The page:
This was one of those moments that showcased Niki’s ability not just to understand the world through a child’s eyes – but to delight in it.
Niki Daly, South Africa’s beloved children’s writer and illustrator, passed away on 15 January 2024 at the age of 77.
His legacy includes dozens of books published during his lifetime – from the popular Jamela books to Not so fast, Songolo to The herd boy and to his most recent On my papa’s shoulders. His books were translated into many African languages and were available widely in his home country of South Africa.
Perhaps more important than his books, Niki Daly’s legacy includes his inspiration, mentorship and encouragement of the many people who were fortunate to spend time with him, whether it was a few minutes, a few hours, a few days or a few years. In the United States, we have a saying: “Make hay while the sun shines.” This means that when fortune shines upon you, you should make the best of it. When conditions are good, you should work hard in order to prosper. But Niki Daly was one of those people who made hay whether the sun shone or did not shine, whether he was making hay by creating books or by forging connections and shoring up enduring friendships with others.
I was Niki’s American publisher for his last five books. These included his early reading series: Here comes Lolo; Hooray for Lolo; You’re a star, Lolo and Fly high, Lolo, published by Jacana Media in South Africa with the name Thoko instead of Lolo; and also his final picture book, On my papa’s shoulders, published by NB publishers in South Africa. Like many of us who were involved with him professionally, I wasn’t just his publisher: Niki was also my dear friend.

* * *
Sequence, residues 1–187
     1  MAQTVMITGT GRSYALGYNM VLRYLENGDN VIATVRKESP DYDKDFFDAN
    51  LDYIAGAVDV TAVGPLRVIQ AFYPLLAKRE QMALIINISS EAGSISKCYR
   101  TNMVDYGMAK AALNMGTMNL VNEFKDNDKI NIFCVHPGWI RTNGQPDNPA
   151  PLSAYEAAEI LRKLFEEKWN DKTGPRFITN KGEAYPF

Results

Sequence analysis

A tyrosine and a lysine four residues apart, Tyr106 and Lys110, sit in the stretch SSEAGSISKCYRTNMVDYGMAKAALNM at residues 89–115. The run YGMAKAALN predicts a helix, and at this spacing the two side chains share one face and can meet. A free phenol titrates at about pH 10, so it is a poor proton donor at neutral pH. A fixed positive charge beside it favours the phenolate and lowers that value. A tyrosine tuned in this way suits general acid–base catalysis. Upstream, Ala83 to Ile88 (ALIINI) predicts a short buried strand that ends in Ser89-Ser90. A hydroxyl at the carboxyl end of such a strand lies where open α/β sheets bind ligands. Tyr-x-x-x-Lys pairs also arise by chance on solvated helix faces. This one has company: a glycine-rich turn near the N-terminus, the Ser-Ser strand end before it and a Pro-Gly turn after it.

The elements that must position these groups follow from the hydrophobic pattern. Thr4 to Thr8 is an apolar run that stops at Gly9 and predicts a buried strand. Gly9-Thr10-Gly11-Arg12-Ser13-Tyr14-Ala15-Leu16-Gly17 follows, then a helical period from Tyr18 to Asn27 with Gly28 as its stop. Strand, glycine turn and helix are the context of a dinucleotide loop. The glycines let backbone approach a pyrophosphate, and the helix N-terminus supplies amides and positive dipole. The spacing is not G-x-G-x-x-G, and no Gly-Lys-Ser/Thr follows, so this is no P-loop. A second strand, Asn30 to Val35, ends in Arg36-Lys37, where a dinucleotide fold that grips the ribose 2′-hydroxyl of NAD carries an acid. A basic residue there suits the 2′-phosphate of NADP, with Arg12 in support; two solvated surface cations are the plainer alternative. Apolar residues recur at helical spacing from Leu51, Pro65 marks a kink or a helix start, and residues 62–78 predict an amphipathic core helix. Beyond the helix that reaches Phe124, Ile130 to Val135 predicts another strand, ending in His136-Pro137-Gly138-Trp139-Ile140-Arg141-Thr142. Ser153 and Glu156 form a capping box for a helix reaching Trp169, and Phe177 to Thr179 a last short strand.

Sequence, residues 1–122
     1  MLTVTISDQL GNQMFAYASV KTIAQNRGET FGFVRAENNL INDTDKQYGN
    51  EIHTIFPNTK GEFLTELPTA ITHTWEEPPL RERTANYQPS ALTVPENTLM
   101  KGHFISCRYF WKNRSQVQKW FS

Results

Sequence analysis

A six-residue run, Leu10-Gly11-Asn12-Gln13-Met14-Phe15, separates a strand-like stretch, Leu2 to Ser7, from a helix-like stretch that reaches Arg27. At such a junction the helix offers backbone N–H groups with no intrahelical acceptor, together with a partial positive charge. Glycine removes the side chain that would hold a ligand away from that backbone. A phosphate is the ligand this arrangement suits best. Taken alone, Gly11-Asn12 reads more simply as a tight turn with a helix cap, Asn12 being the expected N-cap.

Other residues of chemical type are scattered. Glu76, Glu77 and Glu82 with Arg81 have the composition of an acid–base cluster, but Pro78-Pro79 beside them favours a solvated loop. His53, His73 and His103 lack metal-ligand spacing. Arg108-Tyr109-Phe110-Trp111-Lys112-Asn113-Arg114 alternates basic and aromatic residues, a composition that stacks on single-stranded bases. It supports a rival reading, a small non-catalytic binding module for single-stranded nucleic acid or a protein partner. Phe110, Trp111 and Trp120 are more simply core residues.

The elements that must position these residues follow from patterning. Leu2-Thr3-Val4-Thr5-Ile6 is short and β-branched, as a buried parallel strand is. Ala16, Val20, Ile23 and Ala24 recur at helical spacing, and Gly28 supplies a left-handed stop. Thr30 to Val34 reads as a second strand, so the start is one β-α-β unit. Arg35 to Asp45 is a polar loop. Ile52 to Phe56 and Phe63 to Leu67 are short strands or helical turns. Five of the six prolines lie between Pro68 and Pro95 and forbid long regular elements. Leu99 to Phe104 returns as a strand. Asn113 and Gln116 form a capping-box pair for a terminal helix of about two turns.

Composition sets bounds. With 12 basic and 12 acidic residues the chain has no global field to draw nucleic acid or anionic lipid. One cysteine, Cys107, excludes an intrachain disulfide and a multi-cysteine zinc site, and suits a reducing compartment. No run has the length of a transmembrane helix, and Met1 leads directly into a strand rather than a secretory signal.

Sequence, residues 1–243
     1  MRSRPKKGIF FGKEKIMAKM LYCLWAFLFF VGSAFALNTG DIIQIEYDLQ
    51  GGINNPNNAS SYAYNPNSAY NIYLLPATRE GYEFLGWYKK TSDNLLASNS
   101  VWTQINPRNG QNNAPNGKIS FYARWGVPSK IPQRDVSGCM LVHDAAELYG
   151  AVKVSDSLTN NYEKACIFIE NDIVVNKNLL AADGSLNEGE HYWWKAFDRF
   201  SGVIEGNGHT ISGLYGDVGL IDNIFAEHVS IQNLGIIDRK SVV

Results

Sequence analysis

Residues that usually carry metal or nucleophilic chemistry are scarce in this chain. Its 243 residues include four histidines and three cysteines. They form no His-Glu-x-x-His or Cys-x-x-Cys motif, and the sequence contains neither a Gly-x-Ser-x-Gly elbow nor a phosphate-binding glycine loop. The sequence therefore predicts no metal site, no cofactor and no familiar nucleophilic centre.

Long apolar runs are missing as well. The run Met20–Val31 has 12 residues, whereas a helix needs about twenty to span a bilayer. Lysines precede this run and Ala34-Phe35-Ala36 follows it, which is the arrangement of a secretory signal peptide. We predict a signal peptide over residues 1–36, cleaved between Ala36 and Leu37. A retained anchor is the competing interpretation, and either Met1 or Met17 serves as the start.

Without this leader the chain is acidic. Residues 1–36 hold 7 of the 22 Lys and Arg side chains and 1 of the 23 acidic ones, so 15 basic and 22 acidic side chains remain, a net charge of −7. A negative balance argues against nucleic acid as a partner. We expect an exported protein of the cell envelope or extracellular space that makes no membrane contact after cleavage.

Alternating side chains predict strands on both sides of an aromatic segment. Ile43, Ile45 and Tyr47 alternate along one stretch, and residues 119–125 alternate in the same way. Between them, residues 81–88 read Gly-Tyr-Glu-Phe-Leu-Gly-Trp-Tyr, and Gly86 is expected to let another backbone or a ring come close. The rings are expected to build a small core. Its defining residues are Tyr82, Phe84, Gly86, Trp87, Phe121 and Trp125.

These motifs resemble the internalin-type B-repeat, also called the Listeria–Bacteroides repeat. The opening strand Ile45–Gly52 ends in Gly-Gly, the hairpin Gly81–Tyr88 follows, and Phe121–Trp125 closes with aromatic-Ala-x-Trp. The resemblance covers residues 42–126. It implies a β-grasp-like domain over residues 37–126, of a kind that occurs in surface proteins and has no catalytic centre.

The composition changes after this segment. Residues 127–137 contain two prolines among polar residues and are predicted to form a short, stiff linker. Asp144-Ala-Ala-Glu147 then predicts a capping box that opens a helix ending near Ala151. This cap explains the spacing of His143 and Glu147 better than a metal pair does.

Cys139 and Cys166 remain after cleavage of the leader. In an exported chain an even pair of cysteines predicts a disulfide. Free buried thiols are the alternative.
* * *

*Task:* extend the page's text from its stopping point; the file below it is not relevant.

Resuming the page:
I met Niki in 2016, when I was first tentatively exploring my decision to launch a publishing company and to focus on African writers. I was travelling with my five-year-old, and Niki and his wife Jude hosted us for an afternoon of tea and biscuits in their garden. While I chatted away, sublimely ignorant of what was happening under my nose, I suddenly noticed a look of guilty pleasure on Niki’s face. He was secretly enjoying something hugely, something that had nothing to do with what I was saying. I snapped to it and discovered that my son was sneaking extra biscuits under the radar while I was preoccupied in conversation. This was one of those moments that showcased Niki’s ability not just to understand the world through a child’s eyes – but to delight in it.
Niki received many honours throughout his lifetime. His books earned him a US Parents’ Choice Award, a Children’s Africana Book Award, a Children’s Literature Choice Award and a Parents’ Choice Silver Award, among many others. Most recently, he was awarded a Skipping Stones Award for his book Fly high, Lolo and a Charlotte Zolotow Award for his final book, On my papa’s shoulders, a beautiful ode to fathers and sons. He has been shortlisted for the Hans Christian Anderson Award and was repeatedly nominated for the Astrid Lindgren Award. But the many honours don’t capture the truth of what Niki Daly did for children in his books. With an enthusiasm bordering on sheer abandon, Niki noticed children and entered into their point of view, their world, their strange and terrible and joyful existence, in a way that few children’s writers and illustrators have ever done. This instinct shone on every page of every book he ever wrote or illustrated. It sparkled in his interactions with children during school and library visits, and in his personal relationships with the children of his neighbourhood, who frequently visited, knowing that they had found a kindred spirit.
Niki lived with his wife, Jude, also an illustrator, in Kleinmond, South Africa, where his two sons Joe and Leo, his daughter-in-law Magriet, and his granddaughter Emily also reside.
We at Catalyst Press were honoured to be one of his many publishers, and we will miss his joy, enthusiasm, creativity and friendship.